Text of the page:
Mifgash Rakefet is simply a likeable destination, warming the hearts of patrons for decades. Those who have already discovered it will not miss an opportunity to indulge in a bowl of Rakefet's legendary tomato soup. If Ashkenazi food tickles your taste buds, the constantly changing menu will certainly appeal. From gefilte fish, knish, blintzes, shnitzel, chopped liver, chicken and veal cutlets, to cholent, one will never leave Rakefet's hungry!
In a niche Yemen village called Kerem Ha'Teimanim, a soup den has continuously dished out steaming bowls of Yemenite soups, year after year. The aromas at Shimon, Melech Ha'Marak envelop the inhabitants, whilst the food comforts and satisfies both belly and soul. Shimon founded the kitchen, and although he may no longer be with us today, his oxtail soup has remained a firm favorite, and his amazing legacy continues.
For thirty five years, in a quaint falafel stand, stood Yedid, who brought smiles to the faces of his customers and joy to their souls. Unfortunately, in 2008, at age 65, he passed away. After the mourning period, his son Elad decided that it was crucial to uphold his father's traditions, and so he took his place at Falafel Rambam. To this day, one can come eat a Yemen-style falafel served with a smile!
In the heart of busy Allenby Street, sits Safta Eva in her established restaurant. Eva specializes in classic Ashkenazi food. For those who remember the special taste of traditional chicken soup with matzah balls and farfel, just like Grandma used to make, Eva's makes it possible to enjoy these pleasures every day. One will also find additional comfort foods from childhood, such as gefilte fish, and Eva's famous schnitzel. The atmosphere is very warm and comfortable, welcoming guests to a lengthy stay.
In 1935, a new and hip saloon opened- Bar Matti. Ever since then, Mr. Matityahu Landstein has been running this successful joint with a firm hand. Locals who frequent the Levinsky market are all familiar with Matityahu, and no one dares to pass by without popping in to ask how he is keeping. Matti prepares a variety of delicacies from traditional Ashkenazi cuisine, including chopped liver, Romanian pickles, stuffed dumplings, and even gefilte fish. Visiting Bar Matti is a real experience. Although now in his eighties, he will still proudly serve you a thirst-quenching glass of cold beer!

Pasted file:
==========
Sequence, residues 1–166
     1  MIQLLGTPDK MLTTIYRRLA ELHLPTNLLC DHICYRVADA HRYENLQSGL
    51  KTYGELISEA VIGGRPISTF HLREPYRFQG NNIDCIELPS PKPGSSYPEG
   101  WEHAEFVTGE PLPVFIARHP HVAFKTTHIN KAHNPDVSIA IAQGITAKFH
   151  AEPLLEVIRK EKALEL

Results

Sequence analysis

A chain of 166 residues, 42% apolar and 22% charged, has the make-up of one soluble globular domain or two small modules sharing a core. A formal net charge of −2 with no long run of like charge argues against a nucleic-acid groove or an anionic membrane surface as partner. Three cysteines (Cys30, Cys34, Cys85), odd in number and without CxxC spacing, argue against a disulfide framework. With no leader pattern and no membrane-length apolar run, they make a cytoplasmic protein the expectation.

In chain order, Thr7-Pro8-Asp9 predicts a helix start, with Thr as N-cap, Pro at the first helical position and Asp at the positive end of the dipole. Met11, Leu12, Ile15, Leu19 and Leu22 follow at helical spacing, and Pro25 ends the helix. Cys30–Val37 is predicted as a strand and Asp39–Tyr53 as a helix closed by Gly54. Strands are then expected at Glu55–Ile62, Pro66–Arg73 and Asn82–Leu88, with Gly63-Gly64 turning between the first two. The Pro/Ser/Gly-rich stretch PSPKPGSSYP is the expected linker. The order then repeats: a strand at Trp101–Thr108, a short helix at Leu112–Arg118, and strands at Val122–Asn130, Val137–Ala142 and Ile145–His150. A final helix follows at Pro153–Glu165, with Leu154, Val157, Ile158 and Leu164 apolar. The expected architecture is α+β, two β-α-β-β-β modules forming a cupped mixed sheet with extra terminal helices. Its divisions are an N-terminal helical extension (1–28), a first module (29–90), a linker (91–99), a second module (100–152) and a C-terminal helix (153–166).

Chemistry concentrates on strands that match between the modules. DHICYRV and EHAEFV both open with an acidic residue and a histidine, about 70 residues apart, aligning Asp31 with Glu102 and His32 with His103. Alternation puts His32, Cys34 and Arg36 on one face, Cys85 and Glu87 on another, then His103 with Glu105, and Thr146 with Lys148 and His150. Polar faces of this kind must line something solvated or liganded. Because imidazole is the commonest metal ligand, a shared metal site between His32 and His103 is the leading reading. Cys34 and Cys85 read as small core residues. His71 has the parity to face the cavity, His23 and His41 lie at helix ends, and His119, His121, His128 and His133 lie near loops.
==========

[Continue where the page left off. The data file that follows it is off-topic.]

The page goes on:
Mama Mafruma is a family restaurant, with sister Yehudit happily hosting diners, and brother Shimon cooking from the heart. From this lively Libyan kitchen, colorful dishes emerge, including soups, and mafrum, a beef stuffed vegetable delicacy, prepared in many intricate steps for a tasty outcome. Be sure not to miss out on the couscous, which is up for the title of the best in the world, or an order of Shimon's piquant pepper salad, "Ha'Mebalbel", which is so zingy, it is sure to leave your head spinning for a few minutes!
In the city of Or Yehuda, a Bukharian gem is hidden. If your soul seeks an authentic experience of aromas and flavors straight from Central Asia, Samarkand is your place. Smells of dumplings and sweet and sour soup fill the air, drifting past hand-painted artifacts and decorations. Samarkand holds their reputation for their supreme 'chicken tabaka' chicken, which goes through seven stages to reach it's unique and precise flavor.
Standing its ground for already 35 years, Bechor Et Shoshi is a Libyan delight. Bechor and his daughter Shoshi prepare an array of authentic dishes, exploring different flavors every day. For the brave and the persuasive, Shoshi may just delve into her cookbook to prepare some of her original and exotic dishes. It is recommended to arrive early though, so as not to miss out on the daily specials!
Julie Ozen made her name as fusionist a few years ago. Since then, every day Julie can be found makes her rounds in the market, selecting only the finest ingredients and the best vegetables. Using her fresh findings, Julie creates the unique menu for the day. As her menu changes on a day to day basis you can expect something different with every visit. Her Egyptian specialties include artichokes, and Molokheyya, a green plant chopped and cooked with garlic and coriander sauce often served as a soup. To finish with something sweet, the perfect addition to Julie's food is the warm experience served with a dash of wisdom.
Although the name Dr. Shakshuka may be slightly misleading, make no mistake the title has been earned! Bino Gabso was born to slice shawarma, long before he learned to make shakshuka. At the entrance of Yaffo he is busy preparing the best lamb shawarma in the country! His shawarmas bing locals and tourists alike from all parts of the country and no one leaves without a full belly and a smile on their faces. This extremely tasty dish is served with a large variety of salads and dressings, including filfel chuma (spicy garlic-pepper sauce) and eggplant. If you have time to spare, enjoy the hearty shawarma and view in the pastoral yard.
Few will argue with Ovad Daniel's claim to have the best dish in the world! While sabich is seemingly a simple sandwich to prepare, Ovad's quirky and theatrical nature, along with his exceptionally fresh ingredients have earned him the title of Israel's most revered sabich-maker. Served in a warm pita, the dish contains fried eggplant, hard-boiled eggs, salads, and an array of rich sauces, such as hamba and tahini.
At the entrance to Rosh Pina, lies a small and colorful hummus restaurant- Hummus Osol. For more than 15 years their claim to fame has been their hummus, with delicious toppings and flavors available, such as ful and delicate masbacha. Some also say that the homestyle labaneh, a creamy, thick, yogurt cheese, is not to be missed!
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